The humpback whale is known as the gregarious, singing "gentle giant" of the sea. But the herring it inventively preys upon—one whale in a gang blows "air bubble nets" around a school of fish while another screams until the poor things are scared to the surface—would probably disagree with this assessment.  
In any case, the auditory and communicative behaviors within groups of humpbacks reveal remarkable intelligence. However, since whale specimens are rare—either harvested from beached whales or sick aquarium residents—scientists know only the basics of their brain surface anatomy and are virtually ignorant about what goes on underneath.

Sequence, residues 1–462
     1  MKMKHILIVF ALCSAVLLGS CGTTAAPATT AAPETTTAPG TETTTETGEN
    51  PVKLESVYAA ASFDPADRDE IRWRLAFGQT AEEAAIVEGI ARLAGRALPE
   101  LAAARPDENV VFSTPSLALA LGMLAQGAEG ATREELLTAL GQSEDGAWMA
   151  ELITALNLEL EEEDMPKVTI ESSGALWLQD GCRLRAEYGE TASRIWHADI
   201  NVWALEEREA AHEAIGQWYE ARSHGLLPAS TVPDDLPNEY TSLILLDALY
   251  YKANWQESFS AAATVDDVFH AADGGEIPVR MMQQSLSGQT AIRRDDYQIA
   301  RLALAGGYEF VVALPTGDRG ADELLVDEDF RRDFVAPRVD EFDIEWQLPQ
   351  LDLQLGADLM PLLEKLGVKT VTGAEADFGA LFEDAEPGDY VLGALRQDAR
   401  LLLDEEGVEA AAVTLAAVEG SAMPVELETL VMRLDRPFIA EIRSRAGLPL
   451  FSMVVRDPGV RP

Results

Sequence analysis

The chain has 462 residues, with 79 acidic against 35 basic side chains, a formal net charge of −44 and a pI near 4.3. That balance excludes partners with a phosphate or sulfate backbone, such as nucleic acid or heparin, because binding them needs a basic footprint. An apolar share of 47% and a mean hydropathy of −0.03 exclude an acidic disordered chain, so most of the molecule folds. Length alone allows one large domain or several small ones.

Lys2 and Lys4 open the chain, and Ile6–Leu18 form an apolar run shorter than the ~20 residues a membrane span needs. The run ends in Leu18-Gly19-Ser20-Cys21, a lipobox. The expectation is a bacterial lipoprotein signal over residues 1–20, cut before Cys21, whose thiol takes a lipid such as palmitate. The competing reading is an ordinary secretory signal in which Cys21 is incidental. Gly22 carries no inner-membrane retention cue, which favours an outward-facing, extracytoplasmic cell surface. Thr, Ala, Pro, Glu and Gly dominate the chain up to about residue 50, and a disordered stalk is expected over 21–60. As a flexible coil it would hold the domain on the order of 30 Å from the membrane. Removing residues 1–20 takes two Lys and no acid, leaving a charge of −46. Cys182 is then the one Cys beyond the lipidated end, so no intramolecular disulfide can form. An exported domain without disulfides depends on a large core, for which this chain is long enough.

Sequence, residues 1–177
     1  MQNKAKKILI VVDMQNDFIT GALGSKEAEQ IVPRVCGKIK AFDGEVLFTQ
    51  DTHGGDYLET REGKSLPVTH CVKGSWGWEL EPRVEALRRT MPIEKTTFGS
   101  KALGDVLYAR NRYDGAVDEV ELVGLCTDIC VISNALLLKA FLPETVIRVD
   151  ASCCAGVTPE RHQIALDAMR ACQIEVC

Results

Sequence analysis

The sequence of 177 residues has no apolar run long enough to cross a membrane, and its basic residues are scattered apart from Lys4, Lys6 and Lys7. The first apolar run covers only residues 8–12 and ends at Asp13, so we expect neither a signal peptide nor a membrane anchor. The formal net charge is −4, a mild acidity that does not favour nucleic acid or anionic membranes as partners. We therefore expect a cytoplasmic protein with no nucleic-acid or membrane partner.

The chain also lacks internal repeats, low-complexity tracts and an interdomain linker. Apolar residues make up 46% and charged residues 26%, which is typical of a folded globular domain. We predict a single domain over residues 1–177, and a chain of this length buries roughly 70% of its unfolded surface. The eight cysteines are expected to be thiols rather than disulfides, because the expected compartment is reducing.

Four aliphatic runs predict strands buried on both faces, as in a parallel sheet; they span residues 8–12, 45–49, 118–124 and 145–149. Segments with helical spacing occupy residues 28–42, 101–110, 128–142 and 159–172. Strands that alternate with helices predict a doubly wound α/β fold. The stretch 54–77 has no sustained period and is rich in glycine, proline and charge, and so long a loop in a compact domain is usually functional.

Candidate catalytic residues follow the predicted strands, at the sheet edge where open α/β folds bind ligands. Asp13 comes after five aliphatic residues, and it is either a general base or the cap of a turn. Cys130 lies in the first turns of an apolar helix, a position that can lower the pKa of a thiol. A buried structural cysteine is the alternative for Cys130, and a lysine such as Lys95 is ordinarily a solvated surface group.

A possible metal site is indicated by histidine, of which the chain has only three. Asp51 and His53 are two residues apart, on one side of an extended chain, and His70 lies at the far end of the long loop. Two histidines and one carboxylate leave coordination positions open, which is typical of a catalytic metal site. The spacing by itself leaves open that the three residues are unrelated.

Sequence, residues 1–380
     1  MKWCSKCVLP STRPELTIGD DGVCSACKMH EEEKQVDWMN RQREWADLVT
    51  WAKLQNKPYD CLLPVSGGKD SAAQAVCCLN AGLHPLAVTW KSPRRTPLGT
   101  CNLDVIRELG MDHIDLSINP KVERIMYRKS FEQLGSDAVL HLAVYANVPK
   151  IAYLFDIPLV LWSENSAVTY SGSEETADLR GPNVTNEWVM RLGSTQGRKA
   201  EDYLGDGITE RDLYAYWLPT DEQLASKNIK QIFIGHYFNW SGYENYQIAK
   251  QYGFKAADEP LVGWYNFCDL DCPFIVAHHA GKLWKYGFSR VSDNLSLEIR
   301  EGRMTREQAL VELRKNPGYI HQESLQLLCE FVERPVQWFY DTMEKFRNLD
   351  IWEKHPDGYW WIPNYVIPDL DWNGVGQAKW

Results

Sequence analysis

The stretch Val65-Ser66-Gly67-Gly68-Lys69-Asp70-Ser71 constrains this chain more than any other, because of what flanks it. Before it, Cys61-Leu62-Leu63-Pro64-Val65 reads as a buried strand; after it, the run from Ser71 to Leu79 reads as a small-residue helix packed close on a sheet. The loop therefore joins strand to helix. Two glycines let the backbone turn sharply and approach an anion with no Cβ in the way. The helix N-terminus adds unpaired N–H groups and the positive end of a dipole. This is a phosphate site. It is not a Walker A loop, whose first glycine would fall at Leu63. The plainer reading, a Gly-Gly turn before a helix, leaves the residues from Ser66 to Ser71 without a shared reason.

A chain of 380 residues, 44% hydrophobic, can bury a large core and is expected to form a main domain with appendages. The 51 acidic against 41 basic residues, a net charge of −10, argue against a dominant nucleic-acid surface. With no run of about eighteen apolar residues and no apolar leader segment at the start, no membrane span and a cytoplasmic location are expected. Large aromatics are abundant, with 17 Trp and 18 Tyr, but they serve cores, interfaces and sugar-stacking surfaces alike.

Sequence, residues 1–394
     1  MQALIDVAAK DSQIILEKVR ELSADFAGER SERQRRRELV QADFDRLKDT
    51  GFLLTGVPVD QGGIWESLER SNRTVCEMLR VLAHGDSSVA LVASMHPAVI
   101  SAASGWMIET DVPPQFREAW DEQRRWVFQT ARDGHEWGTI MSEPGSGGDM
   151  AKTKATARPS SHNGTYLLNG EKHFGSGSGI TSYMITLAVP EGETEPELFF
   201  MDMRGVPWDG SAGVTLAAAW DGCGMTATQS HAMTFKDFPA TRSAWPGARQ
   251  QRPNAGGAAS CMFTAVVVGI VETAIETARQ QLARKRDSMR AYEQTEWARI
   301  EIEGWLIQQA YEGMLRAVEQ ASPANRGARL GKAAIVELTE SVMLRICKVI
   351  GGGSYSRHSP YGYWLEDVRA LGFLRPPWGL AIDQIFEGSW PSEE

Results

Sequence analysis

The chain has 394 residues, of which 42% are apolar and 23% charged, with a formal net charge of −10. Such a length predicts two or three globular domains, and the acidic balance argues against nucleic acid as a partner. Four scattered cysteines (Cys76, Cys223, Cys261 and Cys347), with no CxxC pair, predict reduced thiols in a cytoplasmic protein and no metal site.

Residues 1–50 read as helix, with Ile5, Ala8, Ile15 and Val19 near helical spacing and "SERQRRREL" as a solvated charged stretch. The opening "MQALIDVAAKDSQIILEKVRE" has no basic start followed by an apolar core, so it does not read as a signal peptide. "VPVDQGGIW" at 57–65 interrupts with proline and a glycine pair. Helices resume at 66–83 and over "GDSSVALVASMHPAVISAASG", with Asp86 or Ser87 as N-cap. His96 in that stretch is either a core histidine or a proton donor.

But last summer, neuroscientists from Mount Sinai School of Medicine got their hands on one of these rare brain samples and studied it. Now they've published a thorough morphological analysis of the humpback brain, and have compared it to a host of other species. Their study, published in the Nov. 27 early online edition of the journal The Anatomical Record, reveals that the humpback brain contains many anatomical curiosities, including one type of neuron involved in high-level cognitive functions previously thought to be unique to primates.